LTE or Long Term Evolution is a series of 4G network standards that were agreed in 2008.
The architecture used in LTE was designed to surpass the mobile data rates that were available using 3G technologies. In 3G networks, the radio network controller or RNC, controlled what were called NodeB base stations in the network. However, with LTE networks, the base stations had an embedded control functionality which was called eNB (evolved NodeB), removing the need for an RNC altogether.
This simplified, flatter version of the network architecture mean response times are much quicker and therefore users of the network would realise much better data rates.
LTE-A (advanced) improved on the architecture of LTE, before being superseded by LTE-A Pro which aimed to not only improve the existing network but prepare itself for the introduction of 5G in the next few years.
The main aim for LTE-A Pro is to increase the data speeds and bandwidth that are currently available for mobile communications. Data speeds are set to be three times faster than LTE-A (in excess of 3Gbps whereas LTE-A was just 1Gbs).
User experience will be significantly improved as a result optimising the capacity, performance and functionality of existing LTE-A networks. For example, carriers will have 640MHz bandwidth with LTE-A Pro (compared to 100MHz with LTE-A).
Latency will also decrease, allowing for much quicker response times; vital for the development of IoT (internet of things) technology. It will lessen to just 2ms (compared with 10ms at LTE-A).
There will be a number of different technologies that will be incorporated into LTE-A Pro, many of which will be advanced and evolved versions of the things that are already present in the existing LTE-A and LTE networks.
Data speeds will be increased by using and improved version of Carrier Aggregation technology, the process in which larger amounts of bandwidth is made available by using more than one carrier. It is already used in LTE-A, but with LTE-A Pro the number of different carriers that will be able to simultaneously supported will increase from just five, all the way up to 32. A huge advanced again for IoT devices that rely on constant connectivity, often when moving.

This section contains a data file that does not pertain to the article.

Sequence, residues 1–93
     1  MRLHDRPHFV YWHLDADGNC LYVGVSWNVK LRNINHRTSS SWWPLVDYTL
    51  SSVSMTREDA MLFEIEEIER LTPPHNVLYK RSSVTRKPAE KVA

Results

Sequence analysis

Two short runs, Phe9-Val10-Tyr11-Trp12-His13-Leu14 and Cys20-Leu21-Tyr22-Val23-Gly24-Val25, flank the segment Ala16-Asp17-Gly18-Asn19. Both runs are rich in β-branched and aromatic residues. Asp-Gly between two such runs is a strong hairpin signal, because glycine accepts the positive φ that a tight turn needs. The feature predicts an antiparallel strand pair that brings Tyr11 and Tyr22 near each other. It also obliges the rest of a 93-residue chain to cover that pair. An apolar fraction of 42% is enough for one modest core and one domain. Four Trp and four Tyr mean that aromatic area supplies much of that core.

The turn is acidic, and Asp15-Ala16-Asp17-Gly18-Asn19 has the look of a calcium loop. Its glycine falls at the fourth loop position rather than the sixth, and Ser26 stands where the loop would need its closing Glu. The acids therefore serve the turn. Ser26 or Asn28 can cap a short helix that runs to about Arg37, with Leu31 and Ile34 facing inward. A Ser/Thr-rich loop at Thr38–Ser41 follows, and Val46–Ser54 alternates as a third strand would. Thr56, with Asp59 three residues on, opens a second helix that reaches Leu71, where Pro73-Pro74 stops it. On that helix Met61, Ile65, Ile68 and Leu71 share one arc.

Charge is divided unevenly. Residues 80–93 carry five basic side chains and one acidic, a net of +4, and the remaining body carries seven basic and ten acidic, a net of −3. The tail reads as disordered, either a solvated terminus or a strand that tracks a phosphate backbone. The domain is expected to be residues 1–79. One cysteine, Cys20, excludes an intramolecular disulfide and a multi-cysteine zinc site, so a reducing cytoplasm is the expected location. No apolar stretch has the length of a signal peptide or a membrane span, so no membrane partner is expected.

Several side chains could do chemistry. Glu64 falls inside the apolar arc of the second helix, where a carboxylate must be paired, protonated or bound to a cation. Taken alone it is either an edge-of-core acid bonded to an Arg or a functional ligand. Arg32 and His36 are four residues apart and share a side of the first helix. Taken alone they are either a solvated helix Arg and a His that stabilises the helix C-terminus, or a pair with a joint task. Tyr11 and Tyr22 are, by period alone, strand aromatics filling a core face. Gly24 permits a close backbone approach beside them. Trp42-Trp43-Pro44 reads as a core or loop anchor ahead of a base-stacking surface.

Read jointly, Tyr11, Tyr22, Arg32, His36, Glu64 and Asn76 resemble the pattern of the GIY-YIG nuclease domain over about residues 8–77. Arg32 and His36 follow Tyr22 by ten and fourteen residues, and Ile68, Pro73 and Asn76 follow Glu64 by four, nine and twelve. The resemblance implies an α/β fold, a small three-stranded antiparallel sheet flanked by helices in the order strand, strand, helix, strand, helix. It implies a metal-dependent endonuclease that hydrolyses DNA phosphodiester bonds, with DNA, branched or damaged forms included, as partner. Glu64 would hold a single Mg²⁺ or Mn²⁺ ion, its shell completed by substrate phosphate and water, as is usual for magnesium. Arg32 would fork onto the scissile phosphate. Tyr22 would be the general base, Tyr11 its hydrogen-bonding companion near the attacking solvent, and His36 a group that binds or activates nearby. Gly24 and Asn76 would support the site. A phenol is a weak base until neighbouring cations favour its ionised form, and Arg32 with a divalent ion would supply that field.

Greater demand for data transfer means that small cells are being deployed within range of macro cell coverage to provide dual connectivity which significantly improves per-user throughput and mobility robustness, again this is an area which will be continued to be improved upon with LTE-A Pro.
A new dynamic uplink and downlink aggregation will mean that operators are able to adjust the configuration of their networks depending on traffic needs.
MIMO and Massive MIMO
MIMO (multiple-input multiple-output) is one of the key technologies which will address the future of capacity demand.
MIMO or ‘multiple-input, multiple-output’ is a wireless technology that, when deployed, uses multiple antennas at both the source (transmitter) and the destination (receiver). This allows for more data to be sent and received at the same time, unlike in conventional wireless communications where only a single antenna is used.
LTE-A Pro will use this technology to exploit its capabilities to provide much-improved connectivity. Eventually, this drive in usage of MIMO will evolve towards Massive MIMO, a key enabler for 5G. Existing technology supports 8, 12 and 16-antenna elements whereas massive MIMO will go beyond with up to 64 antenna ports at the eNB.
Currently, despite the progress that has been made in the standards, none of the commercial operations have yet to achieve the 3Gbps data speeds that are defined for LTE-A Pro. There still aren’t any phones on the market that support download speeds of 3Gbps, and those that are moving forwards are still only just achieving rates that are marginally better than the LTE-A defined speeds.
There is a lot of talk about 5G and its current development, but without the drive in LTE-A Pro (what many see as the stepping stone or foundation for 5G), it could be some time before the technology is realised commercially.